Fox always triggers memory

Published 12:00 am Saturday, February 12, 2011

Funny how something fleeting can trigger a memory. As I walked by and glanced at the television in my living room a few days ago, I saw a fox racing across a field. “Liberty Church,” I said to myself. Memories of a little country church flashed in my mind.

When my husband first entered the ministry, he served a charge with two churches. One sat in a large field out in a country community. Some said the then-dilapidated building was built in the 1800s. In the church yard, several gnarled oak trees in the full foliage of summertime rustled with a gentle wind, creating a pleasant breeze. Blackberry bushes scattered over the grounds annually produced healthy berries for man, beast and birds. Birds sporadically touched down on dead limbs in that peaceful atmosphere and made an awful clatter.

Only a few elderly members attended, but every Sunday morning they were able, they came to sit on the rough, hand-hewn pews to sing praises and worship God. Two large windows stood on either side of the pulpit, offering a panoramic view of the out of doors. Sunday morning after Sunday morning, the congregation saw the seasons change before their very eyes. We noticed as the gentle green of spring moved through summer, then change to the orange and yellows of fall to the harsh brownness of midwinter. In the meadow to the right, a pear tree blazed first with spring foliage and then burst into white billowy blooms. It dropped its burden of fruit in the weeks to come.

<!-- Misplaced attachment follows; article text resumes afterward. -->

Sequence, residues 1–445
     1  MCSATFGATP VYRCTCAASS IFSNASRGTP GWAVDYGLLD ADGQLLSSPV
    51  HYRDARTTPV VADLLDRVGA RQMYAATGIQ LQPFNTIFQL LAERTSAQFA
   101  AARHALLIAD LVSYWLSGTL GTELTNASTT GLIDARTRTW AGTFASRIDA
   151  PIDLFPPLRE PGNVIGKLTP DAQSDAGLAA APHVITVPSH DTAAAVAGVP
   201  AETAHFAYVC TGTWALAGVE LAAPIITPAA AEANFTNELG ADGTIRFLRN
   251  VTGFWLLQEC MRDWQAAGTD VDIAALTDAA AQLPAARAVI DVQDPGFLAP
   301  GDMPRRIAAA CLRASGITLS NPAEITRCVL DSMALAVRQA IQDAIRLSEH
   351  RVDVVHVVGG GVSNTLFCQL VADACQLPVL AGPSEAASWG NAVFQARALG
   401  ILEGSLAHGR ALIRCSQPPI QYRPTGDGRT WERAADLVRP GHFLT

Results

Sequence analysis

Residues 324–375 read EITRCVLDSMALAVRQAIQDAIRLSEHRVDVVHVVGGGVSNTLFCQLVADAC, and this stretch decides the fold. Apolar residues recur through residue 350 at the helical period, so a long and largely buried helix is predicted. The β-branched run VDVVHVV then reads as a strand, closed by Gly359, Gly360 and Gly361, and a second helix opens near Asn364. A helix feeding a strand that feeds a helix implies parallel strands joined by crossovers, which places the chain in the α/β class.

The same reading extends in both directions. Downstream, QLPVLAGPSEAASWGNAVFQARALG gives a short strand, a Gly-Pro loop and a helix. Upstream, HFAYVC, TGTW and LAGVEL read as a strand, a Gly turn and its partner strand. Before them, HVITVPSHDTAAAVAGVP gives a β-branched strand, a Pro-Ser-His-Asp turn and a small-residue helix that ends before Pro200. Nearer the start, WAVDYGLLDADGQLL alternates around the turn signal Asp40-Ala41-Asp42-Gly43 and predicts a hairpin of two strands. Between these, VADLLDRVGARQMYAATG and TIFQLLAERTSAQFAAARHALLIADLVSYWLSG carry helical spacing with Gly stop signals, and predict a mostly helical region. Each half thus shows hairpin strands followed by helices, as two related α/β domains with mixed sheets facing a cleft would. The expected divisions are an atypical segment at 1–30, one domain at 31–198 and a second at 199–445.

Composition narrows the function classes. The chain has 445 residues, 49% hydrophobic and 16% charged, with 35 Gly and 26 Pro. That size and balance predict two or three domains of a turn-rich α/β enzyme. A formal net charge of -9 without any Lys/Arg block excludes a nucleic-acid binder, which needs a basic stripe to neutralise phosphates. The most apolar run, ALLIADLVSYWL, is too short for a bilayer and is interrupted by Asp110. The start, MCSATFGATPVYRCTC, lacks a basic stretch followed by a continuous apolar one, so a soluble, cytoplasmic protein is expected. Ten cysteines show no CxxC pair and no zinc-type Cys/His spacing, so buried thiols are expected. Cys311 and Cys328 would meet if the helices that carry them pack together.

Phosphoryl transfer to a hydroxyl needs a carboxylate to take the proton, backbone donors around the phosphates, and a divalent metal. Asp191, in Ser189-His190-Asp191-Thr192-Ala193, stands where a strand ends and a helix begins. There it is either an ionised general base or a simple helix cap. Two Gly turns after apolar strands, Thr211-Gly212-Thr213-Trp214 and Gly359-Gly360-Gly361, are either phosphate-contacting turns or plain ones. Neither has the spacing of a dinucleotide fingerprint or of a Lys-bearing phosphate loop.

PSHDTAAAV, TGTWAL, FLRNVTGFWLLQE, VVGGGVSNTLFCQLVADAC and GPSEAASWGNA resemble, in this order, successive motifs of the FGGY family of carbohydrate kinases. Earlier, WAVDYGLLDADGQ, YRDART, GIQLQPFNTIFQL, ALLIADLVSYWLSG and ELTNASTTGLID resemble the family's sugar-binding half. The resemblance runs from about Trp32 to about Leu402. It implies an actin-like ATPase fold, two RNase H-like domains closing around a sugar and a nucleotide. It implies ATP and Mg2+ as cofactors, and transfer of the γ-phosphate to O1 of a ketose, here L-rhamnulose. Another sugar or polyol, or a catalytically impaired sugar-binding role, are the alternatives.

During the winter, one of the men came early to turn on the gas heaters. By the time my husband, daughter, and I arrived slightly earlier than the congregation, the heat had started rising to the ceiling. We grew accustomed to the bees that lived in the ceiling buzzing overhead, driven into the open by the heat. Their humming sometimes blended with our human voices as we sang the songs from the congregation’s favorite song book, the Cokesbury Hymnal. During spring and summer, an occasional wasp floated into the church, flitted around a bit, then landed in the cracks between the wide floor boards.

As if annoying insects weren’t distracting enough, one morning when my husband was well into his sermon, the rest of us saw a fox race across the field laid bare by the fall harvest. It wore a faded, bedraggled coat. We all gazed spellbound out those tall windows beside the pulpit, watching the woodland creature disappear into some bushes on the far side of the meadow.

After the service concluded, we speculated on the age of the creature. We wondered about its lair. Some thought it might live under the building. Everyone agreed that if not, it probably made its home in some of the bushes on or near the church grounds.

Every time I see a fox on television or a picture of one in a book, that church comes to mind.